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Friday, December 12, 2008

Cafe in St. Saturnin


As a photographer I am rewarded every year we go to Provence by the incredible clear light. There are places on Earth that seem to catch the light better than others. Around here I would nominate St. Augustine, Florida as one of those places. In France, Paris, of course, has wonderful light but I prefer the country and the country and towns of Provence are full od a rich defining light. This little cafe with the sun streaming through it's rustic awning looked like a painting thanks to the light.

Joseph Talon


This was a statue in the middle of St. Saturnin-les-Apt. Joseph Talon is considered the "Father of truffle raising" in Provence. If this is so, he's a hero to me, too.

Town name.

The town in the picture below is St. Saturnin-les-Apt a little above Saignon and quite lovely. We drove up the morning after our Lioux adventure and found it a small tucked-away town with the usual long climb up to a nice old cathedral.

Wednesday, December 10, 2008

Town fountain and bench


I have to go back in my journal and find the name of this little town. I came upon this tiny square or squarelet and was taken by the care given to it's upkeep and the nice touches like the flowers on the fence.

Dog in the window


As I have written previously, people decorate the tiniest windows. This was a wee window in one of our favorite restaurants, Solveig. The owner/chef is an artist in her other life and the little restaurant is hung with her work. She makes art out of found or combined objects and it is all delightful. Her food is lovely simple preparations of whatever is fresh. I recommend highly the salmon brochette that she makes. Fish that melts.....ahhhhh. She also must have painted this window.

Thursday, December 4, 2008

Saignon Cafe


Harvey and Carol loved this little place. It had coffee, tea, small cakes and a variety of souvenirs and local crafts. Here they sit with one of their new friends.

Tired but happy


Here are three of us almost back at the car. This was one of the memorable days of the trip. We saw a new place, that was beautiful. We had a good, long, challenging climb/walk and we had a good lunch afterward. That's why we come here.

The walk down


When we reached the other end there was a nice winding road down that afforded a far better view of the cliffs. We were all amazed that we walked them in a few hours. We were tired and hungry, so off we went to secure a nice lunch. Those are Janie and Carol at the bottom of the picture.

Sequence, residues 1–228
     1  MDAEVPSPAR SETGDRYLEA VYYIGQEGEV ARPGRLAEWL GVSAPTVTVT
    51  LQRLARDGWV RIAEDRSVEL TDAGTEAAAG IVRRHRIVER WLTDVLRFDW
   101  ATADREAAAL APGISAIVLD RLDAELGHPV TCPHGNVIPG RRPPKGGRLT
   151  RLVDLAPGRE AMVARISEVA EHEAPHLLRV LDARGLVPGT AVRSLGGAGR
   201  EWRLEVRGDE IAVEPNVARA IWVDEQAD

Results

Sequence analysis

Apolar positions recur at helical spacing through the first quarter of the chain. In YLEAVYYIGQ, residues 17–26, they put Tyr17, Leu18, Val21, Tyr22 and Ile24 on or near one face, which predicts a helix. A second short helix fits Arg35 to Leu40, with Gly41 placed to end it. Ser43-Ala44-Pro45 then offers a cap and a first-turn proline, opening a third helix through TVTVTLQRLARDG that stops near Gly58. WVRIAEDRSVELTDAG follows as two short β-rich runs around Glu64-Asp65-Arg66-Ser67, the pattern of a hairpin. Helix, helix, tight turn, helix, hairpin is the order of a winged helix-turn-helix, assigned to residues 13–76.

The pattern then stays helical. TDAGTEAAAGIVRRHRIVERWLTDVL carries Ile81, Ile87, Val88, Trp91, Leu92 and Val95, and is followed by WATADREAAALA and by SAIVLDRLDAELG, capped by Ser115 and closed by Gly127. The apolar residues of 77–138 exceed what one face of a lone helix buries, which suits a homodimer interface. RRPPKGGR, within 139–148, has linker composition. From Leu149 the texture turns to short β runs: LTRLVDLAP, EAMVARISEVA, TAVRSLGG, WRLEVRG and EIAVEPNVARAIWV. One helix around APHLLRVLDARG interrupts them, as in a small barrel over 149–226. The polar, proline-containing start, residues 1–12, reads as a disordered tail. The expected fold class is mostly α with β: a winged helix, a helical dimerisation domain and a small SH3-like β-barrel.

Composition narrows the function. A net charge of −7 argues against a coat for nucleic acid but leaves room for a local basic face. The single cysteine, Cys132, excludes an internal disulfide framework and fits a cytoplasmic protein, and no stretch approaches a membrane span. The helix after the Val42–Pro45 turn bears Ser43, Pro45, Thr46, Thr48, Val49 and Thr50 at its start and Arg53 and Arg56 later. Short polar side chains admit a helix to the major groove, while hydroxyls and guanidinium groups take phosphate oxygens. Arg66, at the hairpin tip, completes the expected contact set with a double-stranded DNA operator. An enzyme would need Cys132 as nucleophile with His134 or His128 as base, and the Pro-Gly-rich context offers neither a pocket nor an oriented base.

The Star


At the end of our walk on the top of the massif, we came upon a large Hebrew star laid out in rocks on the ground. Harvey has a long and involved tale of how it might have come to be. I remain skeptical as there were no loose Harley-Davidson parts laying about.

Two Questions


Question one. Why does a sixtyish dentist go to within a foot of a 300 foot fall?
Question two. Why does a sixtyish, clumsy, retired photographer with a profound dislike of 300 foot falls, get to within a foot of said fall to take a picture?

Carol at the edge


To paraphrase an expression about dogs; There are bold climbers and there are old climbers but there aren't many old, bold climbers. Carol has a bit of mountain goat DNA in her

We made it too!


Carol very kindly took our picture to prove we made it. The sun gained in strength all day and we had to shed a layer or two as the morning wore on. We passed a couple a bit later on, who had climbed up the other end. The woman had shed all of her clothes except her underwear! We didn't resort to that.

View over Lioux


This is one of many spectacular views from this formation that a camera cannot really capture. At the rear of these fields you can see the road we travelled on our way up. The air was so clear that it all seemed closer than it was. The grey rock at the bottom of the picture is the edge of the cliff. I really do not like heights; so this was as close as I could come.

Relaxing at the top


I apologize for the delay. We had a full house over Thanksgiving and I have been lax. This is the top of the massif and Harvey and Carol took a moment to enjoy the view and have a drink of water and an apple before we tackled the hike over the plateau.